Lish, what a bummer! I usually work at the pasta classes, but not this time, so I won’t get to meet you. I’m sure you will have a fantastic time, the class is sooo much fun and you get to eat and eat. You’ll love Rosemary as a teacher. She is so knowledgable, and has such respect for food. Have a wonderful time and try a whoopie for me. ~ MaryJane

    Reply
  40. Mrs. Hittle

    i have a question about the water amount. i have baked with starters before, but not enough to really understand them. Why is it that the standing liquid amount changes the amount of water added to the recipe? My thought is that it would be about hydration level rather than how soupy it looks, and the hydration level in the starter would be the same regardless of if it has separated, since it had the same amount of water added to it at the beginning. Do you know what makes the difference there?

    Yes – as the starter sits, the yeast consumes more flour, and produces more and more liquid alcohol as a result of fermentation. Thus the starter becomes more and more liquid, and that’s the difference. PJH

    Reply
  41. Patti

    Can I make the dough in my Zojirushi? What adjustments should be made to the recipe for a bread maker?

    Patti, I think this is too much dough for your Zo – you’d best cut the recipe in half. Make the starter in a bowl ahead of time; then combine it with the remaining dough ingredients, and go from there, using the dough cycle. Should work fine – PJH

    Reply
  42. Mike T.

    Looks great, but as today is Friday, the bread that I will be making and sharing is Challah. You can bet that I’ll try this one tho… :-)

    Thanks PJ!

    Reply
  43. SJ

    Hi. Can I use baguette pans instead of the loaf ones? I have already started recipe; forgot I recycled my loaf pans. Thanks

    Give them a try – you won’t get the same type of bread, it’ll be crustier. You could try round cake pans – try putting 3 or 4 round balls in a cake pan (like you would sticky buns, only bigger) – might be interesting. PJH

    Reply
  44. Jill from Anchorage

    I have made bread for my family for years. There is just nothing like it for morning toast and sandwiches. Even though my children are grown with families of their own, they still head for the bread box when they walk in our door. I’m looking forward to using this recipe. Sounds wholesome and delicious. In all my years of baking, I’ve never thought of splitting the dough into two loaves per pan. Let’s hear it for those who think “outside of the box!” And Vitamin C pills ground for the Ascorbic Acid – fantastic. Most all of us have those around our homes.

    In response to Lisa from Alaska, has KAF considered using the USPS flat rate boxes for shipping items to Alaska? It saves you money and us too as UPS and FedEx have exhorbitant Alaska shipping rates.

    Jill, we’ve looked at shipping to Alaska every which way – it’s a real challenge. I’d assume we’ve looked at the flat rate boxes, but I’ll definitely pass this suggestion along to our operations people – thanks! PJH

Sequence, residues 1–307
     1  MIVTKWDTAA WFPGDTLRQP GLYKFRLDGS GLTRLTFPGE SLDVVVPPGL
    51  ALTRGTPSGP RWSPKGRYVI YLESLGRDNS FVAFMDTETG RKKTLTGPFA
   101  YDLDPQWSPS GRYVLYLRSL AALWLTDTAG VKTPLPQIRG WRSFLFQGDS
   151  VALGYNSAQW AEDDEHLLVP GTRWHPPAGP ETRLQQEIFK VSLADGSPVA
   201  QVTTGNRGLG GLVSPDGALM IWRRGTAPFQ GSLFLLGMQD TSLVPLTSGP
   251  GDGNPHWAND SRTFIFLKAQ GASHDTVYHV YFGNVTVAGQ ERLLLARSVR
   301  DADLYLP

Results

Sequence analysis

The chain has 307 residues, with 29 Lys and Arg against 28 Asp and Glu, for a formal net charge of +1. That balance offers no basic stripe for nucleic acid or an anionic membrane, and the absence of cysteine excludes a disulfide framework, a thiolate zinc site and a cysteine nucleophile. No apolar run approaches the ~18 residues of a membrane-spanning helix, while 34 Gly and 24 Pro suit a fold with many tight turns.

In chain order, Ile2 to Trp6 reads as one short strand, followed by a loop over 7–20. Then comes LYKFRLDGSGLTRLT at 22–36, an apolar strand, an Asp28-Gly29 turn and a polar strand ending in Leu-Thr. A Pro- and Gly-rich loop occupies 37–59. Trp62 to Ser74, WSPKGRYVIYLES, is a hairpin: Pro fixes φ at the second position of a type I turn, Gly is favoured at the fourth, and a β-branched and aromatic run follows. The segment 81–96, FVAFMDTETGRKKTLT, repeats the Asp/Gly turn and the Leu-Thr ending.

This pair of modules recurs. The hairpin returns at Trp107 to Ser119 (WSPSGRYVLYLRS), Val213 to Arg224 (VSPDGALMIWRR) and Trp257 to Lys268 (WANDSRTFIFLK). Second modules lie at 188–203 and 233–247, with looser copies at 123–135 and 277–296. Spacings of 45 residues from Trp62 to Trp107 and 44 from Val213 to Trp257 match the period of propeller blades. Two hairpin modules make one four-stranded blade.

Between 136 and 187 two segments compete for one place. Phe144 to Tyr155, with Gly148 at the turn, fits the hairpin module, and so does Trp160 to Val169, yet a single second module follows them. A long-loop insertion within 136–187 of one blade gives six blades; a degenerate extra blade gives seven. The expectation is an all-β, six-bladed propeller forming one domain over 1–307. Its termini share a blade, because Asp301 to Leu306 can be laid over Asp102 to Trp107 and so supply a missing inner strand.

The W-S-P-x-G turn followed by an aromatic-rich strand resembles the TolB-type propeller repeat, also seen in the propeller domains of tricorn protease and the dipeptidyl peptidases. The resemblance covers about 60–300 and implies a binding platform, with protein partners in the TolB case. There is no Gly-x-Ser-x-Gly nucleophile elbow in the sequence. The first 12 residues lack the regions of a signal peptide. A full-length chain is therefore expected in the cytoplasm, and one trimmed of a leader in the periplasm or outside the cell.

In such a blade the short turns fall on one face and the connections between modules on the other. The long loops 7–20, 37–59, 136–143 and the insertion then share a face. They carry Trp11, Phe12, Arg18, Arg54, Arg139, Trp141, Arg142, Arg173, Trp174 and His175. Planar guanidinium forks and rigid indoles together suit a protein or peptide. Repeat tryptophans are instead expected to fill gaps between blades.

P.S. Sandy, our ops manager, says she’ll definitely check this out. Thanks again – PJH

    Reply
  45. Kathryn Henry

    I do a lot of canning and I am wondering if Fruit Fresh can be used to replace the ascorbic acid. What do you think?

    Yes, I think if you check the label, Fruit Fresh is ascorbic acid. Frank @ KAF.

    Reply
  46. Rebecca Madsen

    Is it possible for you to have a printable version with each recipe? I LOVE your recipes but don’t have a computer in the kitchen which makes it hard to follow.

    You will find this option on every recipe. It is the third choice in the line directly below the recipe title. Frank @ KAF

    Rebecca, link to the original recipe from the link at the end of the blog. Then, as Frank says, “printable version” is below the recipe title, just above the photo. PJH

    Reply
  47. Sheila

    Can i use a little lemon juice in place of ascorbic acid .I’m a gread fan of this website
    Sheila,
    If you don’t have the ascorbic acid, you can leave it out rather than replacing with lemon. ~ MaryJane

    Reply
  48. TiV

    Made the dough and it is rising now – hopefully:) I used 2 cups of rolled oats as said in the recipe. The dough became very very dry and I had not used the remaining 3 cups of flour yet. Had to use quite a lot of extra water. Let´s see how it will be, I used whole spelt flower instead of whole wheat. Might be that the oats might need different amounts of water?
    HI TiV,
    Yes, different flours will absorb water differently. Use the look and feel of your dough as your guide. ~ MaryJane

    Reply
  49. Joy

    What is the best way to keep the bread fresh and the best way to freeze the bread, and one more……how long can you freeze it? Ilove your recipes and have made several with great success (and pounds!).